• CAST COMMENT: These erroneous EADs were only issued for a brief period. Practitioners should note that T-1 nonimmigrants are authorized to work incident to status as per 8 CFR § 274a.12(a)(16) and therefore, should not be required to present an EAD to work or obtain a social security number. Chapter 6.8 of USCIS’s Handbook for Employers indicates that a T-1 nonimmigrant may present their I-94 as a List C document showing employment authorization, and Social Security Administration guidance includes T-1 nonimmigrants among those not required to present an EAD to work (and therefore be issued an SSN). Legal representatives should advise their T-1 clients that presenting their approval notice instead of an EAD may more readily identify them as a trafficking survivor due to the language in the notice.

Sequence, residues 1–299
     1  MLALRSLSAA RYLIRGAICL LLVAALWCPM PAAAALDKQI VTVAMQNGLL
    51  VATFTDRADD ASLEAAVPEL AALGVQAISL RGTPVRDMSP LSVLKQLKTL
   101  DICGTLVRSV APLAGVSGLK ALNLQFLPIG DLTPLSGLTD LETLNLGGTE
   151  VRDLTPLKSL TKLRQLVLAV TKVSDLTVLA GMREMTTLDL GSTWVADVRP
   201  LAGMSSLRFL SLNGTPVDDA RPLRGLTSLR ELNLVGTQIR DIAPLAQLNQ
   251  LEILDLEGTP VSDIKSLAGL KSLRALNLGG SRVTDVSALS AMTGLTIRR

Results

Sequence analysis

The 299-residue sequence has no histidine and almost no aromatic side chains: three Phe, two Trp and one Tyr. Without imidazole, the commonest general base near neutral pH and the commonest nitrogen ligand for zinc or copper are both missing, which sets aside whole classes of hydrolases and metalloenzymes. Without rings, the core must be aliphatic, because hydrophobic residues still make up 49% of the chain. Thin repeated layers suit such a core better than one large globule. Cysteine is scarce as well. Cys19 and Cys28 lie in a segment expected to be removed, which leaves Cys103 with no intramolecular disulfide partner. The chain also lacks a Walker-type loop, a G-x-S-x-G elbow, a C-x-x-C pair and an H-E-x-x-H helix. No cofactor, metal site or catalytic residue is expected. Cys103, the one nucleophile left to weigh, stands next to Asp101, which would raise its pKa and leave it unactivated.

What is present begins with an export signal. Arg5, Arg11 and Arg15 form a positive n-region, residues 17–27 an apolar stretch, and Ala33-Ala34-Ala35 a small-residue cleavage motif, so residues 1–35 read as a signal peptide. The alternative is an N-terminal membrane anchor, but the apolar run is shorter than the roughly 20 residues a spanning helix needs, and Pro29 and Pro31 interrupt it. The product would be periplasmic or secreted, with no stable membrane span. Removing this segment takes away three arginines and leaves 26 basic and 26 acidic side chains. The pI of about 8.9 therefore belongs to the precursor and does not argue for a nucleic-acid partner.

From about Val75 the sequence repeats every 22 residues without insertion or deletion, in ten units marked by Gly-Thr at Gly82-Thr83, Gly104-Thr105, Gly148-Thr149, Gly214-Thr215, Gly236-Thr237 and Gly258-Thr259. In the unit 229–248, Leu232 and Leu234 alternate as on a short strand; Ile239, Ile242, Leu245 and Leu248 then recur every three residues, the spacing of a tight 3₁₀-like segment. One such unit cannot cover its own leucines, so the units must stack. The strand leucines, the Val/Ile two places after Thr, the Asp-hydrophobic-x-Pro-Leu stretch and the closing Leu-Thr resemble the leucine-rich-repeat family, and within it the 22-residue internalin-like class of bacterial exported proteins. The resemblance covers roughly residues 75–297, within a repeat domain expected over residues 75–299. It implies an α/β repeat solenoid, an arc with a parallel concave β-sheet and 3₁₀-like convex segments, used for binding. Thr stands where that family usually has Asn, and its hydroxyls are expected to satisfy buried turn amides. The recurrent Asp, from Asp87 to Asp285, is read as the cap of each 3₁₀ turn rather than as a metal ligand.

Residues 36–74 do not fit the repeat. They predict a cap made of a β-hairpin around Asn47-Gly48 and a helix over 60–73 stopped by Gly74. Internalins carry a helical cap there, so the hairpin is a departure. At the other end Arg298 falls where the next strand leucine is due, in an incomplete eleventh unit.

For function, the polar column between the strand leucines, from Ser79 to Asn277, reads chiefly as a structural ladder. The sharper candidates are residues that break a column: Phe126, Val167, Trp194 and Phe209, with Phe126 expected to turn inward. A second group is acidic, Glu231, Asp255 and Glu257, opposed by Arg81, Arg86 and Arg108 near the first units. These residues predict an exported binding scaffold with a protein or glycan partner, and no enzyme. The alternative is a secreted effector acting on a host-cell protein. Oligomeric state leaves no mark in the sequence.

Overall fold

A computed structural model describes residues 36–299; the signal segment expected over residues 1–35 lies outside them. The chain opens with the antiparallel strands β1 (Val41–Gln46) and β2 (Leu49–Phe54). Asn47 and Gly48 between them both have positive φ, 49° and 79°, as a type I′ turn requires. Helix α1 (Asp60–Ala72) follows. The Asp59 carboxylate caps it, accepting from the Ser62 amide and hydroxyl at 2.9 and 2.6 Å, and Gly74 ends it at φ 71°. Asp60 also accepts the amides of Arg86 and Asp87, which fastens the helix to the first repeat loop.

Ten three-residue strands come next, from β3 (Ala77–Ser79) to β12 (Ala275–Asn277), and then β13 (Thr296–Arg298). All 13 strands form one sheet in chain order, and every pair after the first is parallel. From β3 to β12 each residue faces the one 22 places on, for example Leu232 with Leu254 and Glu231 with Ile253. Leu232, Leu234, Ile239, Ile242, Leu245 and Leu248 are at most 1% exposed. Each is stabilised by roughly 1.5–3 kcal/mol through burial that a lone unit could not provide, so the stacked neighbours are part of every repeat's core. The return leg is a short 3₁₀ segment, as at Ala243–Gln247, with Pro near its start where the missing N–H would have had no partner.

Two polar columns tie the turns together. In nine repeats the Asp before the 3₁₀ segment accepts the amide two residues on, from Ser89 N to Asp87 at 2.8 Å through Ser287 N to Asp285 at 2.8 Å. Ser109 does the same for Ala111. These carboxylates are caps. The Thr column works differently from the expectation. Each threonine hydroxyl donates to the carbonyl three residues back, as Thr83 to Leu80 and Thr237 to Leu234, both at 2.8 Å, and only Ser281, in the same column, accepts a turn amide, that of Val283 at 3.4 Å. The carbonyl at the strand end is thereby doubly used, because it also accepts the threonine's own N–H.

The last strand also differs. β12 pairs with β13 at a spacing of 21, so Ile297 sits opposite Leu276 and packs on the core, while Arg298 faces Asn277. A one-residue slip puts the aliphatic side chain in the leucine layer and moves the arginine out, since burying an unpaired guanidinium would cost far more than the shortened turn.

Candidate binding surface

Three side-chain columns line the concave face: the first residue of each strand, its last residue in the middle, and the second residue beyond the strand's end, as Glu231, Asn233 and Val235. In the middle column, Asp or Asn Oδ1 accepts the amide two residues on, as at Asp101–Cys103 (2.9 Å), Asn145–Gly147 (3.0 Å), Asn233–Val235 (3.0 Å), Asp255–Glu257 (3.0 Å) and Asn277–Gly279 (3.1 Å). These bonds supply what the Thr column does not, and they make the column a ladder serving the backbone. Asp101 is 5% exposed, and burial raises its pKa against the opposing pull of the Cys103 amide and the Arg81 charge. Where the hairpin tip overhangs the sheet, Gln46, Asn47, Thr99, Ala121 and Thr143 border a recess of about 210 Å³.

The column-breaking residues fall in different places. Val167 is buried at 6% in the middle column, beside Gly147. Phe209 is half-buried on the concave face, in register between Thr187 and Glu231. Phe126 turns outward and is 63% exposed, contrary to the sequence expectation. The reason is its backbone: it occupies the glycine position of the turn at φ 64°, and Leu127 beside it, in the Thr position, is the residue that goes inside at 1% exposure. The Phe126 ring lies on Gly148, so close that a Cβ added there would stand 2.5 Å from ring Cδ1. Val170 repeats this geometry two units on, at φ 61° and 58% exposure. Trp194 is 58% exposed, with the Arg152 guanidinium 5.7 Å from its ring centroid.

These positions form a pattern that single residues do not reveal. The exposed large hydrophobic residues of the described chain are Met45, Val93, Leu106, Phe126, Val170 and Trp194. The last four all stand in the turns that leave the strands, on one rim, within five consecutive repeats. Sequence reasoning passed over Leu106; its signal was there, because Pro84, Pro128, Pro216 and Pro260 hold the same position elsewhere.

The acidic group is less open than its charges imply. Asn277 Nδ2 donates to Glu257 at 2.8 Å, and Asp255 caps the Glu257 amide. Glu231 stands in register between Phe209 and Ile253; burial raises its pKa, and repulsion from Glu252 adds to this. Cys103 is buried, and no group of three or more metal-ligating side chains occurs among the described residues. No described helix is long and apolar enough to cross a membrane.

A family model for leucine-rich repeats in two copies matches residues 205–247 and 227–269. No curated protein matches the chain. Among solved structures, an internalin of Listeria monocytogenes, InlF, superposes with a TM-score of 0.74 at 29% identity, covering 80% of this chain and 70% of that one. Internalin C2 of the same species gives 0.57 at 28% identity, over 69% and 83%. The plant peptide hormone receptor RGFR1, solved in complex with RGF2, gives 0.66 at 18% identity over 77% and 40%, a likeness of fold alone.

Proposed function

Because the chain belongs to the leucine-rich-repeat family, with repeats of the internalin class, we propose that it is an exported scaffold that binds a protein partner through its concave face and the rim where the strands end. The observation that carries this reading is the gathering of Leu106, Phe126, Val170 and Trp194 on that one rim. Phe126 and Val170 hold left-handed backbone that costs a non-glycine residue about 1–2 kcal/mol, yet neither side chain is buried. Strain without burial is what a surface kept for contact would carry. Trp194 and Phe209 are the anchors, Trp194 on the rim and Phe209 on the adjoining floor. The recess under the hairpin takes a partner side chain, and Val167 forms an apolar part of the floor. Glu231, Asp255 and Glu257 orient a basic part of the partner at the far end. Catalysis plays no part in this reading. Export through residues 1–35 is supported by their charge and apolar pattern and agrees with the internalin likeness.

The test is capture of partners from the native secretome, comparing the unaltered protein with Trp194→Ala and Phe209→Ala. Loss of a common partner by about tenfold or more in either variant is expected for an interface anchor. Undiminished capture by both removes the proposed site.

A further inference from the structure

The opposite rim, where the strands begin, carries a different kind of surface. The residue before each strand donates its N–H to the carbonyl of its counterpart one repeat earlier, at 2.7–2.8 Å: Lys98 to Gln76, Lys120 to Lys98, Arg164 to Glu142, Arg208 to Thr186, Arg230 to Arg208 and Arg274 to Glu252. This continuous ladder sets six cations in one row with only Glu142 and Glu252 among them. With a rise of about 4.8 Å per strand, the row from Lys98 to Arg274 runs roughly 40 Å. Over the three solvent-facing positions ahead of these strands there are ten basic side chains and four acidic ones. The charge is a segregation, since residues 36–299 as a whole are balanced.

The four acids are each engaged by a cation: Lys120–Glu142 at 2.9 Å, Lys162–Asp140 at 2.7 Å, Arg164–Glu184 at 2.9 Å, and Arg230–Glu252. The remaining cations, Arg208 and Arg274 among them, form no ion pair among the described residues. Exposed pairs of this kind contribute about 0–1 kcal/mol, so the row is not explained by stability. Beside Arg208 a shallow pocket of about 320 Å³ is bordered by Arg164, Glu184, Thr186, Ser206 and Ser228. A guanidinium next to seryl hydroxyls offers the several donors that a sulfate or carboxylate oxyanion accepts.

Extensions of status

  • VSC will not reject or deny an I-539 seeking extension of T status simply because it was filed more than 90 days prior to the expiration of the present validity period.

**Note that the red text throughout this blog post indicates a clickable hyperlink. 


[1] Note that many of the topics covered were discussed in general terms and related to VAWA, T, and U visa petitions, not T visas specifically. AILA’s Key Takeaways and Unofficial Notes from that engagement are available here, AILA Doc. 23050300, and USCIS’s Q&A responses are here. CAST’s notes from an April 2023 engagement specific to T visas can be viewed here.